Dave JordanIn the years following Hurricane Katrina, when New Orleans musician Dave Jordan’s band disbanded and his marriage dissolved, he did what musicians do in such times. He picked up his acoustic guitar. Then the songs came out.

Jordan released his first solo record, These Old Boots, in 2010 and it was something of a departure. Swathed in pedal steel guitar and populated with melancholy, acoustically-rendered tunes, the Americana leanings of These Old Boots stood in contrast to his previous work as the founder/bassist/bandleader of the funk outfit Juice.

These Old Boots was lauded by the local press in New Orleans, and three years later, Jordan’s follow-up, Bring Back Red Raspberry, expands that palette even more with a collection of songs that sample flavors from country, zydeco, and R&B while fleshing out the songs with more instrumentation and a joie de vivre that didn’t exist on the last outing. It’s a culmination many years in the making, but a natural progression for a musician who has been steeped in the sounds of southern Louisiana all his life, and who has been around long enough that he’s no longer just an up-and-comer.

Now an elder statesman of the New Orleans music scene, Jordan finds himself playing the mentor role to musicians a decade younger than he is, much like he learned from Anders Osborne, George Porter and others. It’s a lineage Jordan embraces.

“Very early on in this process I realized that my whole career with Juice, I was always looking up to Porter and Anders and Joe Krown and the older guys,” says Jordan.

But when he coincidentally formed the loose-knit band that plays on Red Raspberry, he recognized that they might be looking up to him in the same way. “I realized early on that I was working with guys the other end of the spectrum now, about a decade younger than me. I really got into that idea. I had kind of cordoned myself off. All those years on the road, I wasn’t here for a lot of these guys coming up. I didn’t get to witness it. I was gone. It was really fun for me, and informative and educational to work with guys that were not in my wheelhouse.”


Juice had been part of the local funk scene in the late 1990s and helped bridge the gap between the burgeoning jam band scene and the funk heritage of New Orleans—it was Jordan who personally
Juice_Fortifiedintroduced George Porter to Widespread Panic, for example. Peers of the time included bands like Galactic, All That and Iris May Tango.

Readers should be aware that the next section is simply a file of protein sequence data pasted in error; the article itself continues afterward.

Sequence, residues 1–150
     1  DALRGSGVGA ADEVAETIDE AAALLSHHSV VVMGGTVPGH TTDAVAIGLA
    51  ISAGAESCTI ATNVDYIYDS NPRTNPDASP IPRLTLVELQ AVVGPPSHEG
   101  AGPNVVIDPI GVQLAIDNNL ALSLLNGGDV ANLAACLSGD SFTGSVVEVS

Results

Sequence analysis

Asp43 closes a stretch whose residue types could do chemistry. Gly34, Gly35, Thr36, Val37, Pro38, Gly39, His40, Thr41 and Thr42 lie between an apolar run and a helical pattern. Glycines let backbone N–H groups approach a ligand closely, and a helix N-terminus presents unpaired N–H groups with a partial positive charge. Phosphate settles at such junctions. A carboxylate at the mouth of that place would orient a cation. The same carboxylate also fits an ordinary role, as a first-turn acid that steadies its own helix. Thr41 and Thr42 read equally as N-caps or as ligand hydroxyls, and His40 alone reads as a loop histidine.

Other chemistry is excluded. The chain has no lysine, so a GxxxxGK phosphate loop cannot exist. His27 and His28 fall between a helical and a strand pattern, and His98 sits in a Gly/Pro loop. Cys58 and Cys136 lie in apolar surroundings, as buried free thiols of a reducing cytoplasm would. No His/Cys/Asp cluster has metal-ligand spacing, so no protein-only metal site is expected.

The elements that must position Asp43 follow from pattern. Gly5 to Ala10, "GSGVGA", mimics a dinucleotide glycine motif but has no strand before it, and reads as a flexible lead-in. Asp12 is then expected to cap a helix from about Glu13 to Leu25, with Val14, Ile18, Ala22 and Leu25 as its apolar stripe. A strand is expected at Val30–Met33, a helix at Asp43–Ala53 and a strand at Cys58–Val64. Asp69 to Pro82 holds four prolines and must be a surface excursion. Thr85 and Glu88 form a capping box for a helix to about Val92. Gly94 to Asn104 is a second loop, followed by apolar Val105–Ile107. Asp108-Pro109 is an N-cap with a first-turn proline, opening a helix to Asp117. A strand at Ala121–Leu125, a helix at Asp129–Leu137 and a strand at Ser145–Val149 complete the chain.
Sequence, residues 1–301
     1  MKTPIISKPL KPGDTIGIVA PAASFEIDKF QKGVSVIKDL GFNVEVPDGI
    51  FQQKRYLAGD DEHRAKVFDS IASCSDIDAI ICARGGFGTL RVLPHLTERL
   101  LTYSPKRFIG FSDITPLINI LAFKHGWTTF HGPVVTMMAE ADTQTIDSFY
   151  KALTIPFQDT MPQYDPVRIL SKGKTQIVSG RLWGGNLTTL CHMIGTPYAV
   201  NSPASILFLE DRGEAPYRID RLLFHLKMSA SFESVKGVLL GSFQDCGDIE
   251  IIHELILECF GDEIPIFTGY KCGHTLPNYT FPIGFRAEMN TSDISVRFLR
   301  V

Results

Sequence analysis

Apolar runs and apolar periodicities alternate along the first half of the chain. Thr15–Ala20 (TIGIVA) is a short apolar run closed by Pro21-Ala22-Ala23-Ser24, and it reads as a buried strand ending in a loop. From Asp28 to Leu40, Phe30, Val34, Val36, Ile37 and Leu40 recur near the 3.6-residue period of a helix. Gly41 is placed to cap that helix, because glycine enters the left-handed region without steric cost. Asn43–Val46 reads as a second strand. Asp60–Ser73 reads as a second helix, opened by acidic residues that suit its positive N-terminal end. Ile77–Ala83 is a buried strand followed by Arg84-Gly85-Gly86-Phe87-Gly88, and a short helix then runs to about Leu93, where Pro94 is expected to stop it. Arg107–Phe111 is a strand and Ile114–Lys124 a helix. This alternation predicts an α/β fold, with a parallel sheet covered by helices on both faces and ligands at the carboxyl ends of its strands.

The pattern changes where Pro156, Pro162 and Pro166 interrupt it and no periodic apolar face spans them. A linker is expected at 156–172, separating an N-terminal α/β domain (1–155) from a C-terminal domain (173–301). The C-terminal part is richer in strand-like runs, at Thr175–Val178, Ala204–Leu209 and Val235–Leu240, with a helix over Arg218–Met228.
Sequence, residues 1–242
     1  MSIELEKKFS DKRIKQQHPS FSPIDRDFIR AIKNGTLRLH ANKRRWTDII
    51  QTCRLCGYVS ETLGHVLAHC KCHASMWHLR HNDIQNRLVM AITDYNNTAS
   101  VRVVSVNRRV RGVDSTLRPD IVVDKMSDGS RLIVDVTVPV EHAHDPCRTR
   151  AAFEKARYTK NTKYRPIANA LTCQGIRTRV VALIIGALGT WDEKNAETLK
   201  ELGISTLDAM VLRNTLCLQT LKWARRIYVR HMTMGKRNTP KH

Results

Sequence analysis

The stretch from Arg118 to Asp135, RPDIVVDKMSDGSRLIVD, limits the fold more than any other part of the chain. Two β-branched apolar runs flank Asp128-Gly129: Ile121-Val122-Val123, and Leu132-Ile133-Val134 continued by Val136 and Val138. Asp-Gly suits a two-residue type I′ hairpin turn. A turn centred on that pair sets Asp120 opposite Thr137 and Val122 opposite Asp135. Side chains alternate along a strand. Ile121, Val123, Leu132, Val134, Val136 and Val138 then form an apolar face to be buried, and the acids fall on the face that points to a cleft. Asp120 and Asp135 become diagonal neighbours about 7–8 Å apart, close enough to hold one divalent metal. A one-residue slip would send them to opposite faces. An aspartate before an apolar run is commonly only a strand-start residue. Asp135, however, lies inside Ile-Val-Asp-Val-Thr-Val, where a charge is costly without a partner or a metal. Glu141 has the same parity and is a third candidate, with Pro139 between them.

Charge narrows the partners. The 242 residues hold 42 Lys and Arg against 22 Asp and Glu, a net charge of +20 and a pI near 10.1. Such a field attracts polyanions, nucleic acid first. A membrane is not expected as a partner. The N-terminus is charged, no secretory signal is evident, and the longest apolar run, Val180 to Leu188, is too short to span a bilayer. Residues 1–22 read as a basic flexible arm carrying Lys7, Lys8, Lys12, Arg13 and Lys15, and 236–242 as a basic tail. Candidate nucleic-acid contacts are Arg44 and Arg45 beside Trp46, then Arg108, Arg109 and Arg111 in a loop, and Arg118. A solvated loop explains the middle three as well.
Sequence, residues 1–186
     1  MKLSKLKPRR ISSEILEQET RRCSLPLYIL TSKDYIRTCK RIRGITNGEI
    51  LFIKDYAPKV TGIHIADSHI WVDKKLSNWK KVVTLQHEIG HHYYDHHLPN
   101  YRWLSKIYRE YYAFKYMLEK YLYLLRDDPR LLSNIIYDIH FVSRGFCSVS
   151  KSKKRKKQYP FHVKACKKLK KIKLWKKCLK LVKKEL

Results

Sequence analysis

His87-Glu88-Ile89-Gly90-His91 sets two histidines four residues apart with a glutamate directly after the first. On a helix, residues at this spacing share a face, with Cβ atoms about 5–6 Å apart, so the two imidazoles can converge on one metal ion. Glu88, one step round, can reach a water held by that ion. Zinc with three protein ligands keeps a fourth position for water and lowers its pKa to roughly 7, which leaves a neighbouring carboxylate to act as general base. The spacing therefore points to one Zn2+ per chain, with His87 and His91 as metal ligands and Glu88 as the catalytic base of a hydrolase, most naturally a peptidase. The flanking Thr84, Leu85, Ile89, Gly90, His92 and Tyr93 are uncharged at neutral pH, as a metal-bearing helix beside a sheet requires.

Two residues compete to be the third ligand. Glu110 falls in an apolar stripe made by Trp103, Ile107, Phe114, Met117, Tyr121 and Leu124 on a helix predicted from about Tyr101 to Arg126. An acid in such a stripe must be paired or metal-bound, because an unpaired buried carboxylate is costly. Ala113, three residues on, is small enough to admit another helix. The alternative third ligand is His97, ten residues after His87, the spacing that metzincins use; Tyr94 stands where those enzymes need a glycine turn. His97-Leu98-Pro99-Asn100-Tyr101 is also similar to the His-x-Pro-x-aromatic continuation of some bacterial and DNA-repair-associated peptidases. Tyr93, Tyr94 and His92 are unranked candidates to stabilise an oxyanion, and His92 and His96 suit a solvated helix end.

Of the group, only Galactic and Juice toured the country relentlessly, each with their own take on classic New Orleans funk music.  Heavily influenced by the Meters and George Porter’s Runnin’ Pardners, Juice always leaned to the R&B side of the funk equation, with Taj Mahal and Bill Withers songs populating their setlists alongside their groove-laden originals. They gained a reputation as a party band and blanketed the Southeast, but also found audiences in Colorado and California eager to soak up their New Orleans vibe.

They released three albums while juggling a rotating lineup.   Their funky debut Fortified came in 2000, followed by the Anders Osborne-produced All Lit Up in 2002. The live collection Juice Live: Hey Buddy! came out in 2005. It was a double disc set that positioned them to reach an even larger audience. Alas, it was released just weeks before Hurricane Katrina hit. Like many New Orleans bands, the members of Juice scattered far and wide in Katrina’s wake, from California and Colorado to Nashville and beyond. Some members didn’t return to the city for years, and though they had about half of a new album in the can, they never quite got back together.

Neighborhood Improvement

Following the dissolution of his band, and the concurrent dissolution of his marriage, Jordan sought out solo gigs wherever he could find them as he adjusted to a single-income household and its attendant bills. One of those gigs was a weekly show at the Banks Street Bar, a neighborhood joint near his home in Mid-City New Orleans.

There, he pulled out his acoustic guitar on Thursday nights and began pouring his heart out with confessional, emotionally wrenching tales. Soon his drummer buddy Andre Bohren, a founding member of Johnny Sketch and the Dirty Notes, would join him along with fiddle player Harry Hardin, also a bandmate of Bohren’s.

The Thursday night gig went from solo to a trio…then sometimes a quartet. Friends dropped in and out from week to week. The makeshift band in the making was joined by Greg “Wolf” Hodges, who like Jordan, was adept at both bass and guitar, which enabled the two to swap instruments as the songs demanded.

The two had met back in the Juice days, when Juice would share bills with Col. Bruce Hampton and the Codetalkers, with whom Hodges was playing bass at the time.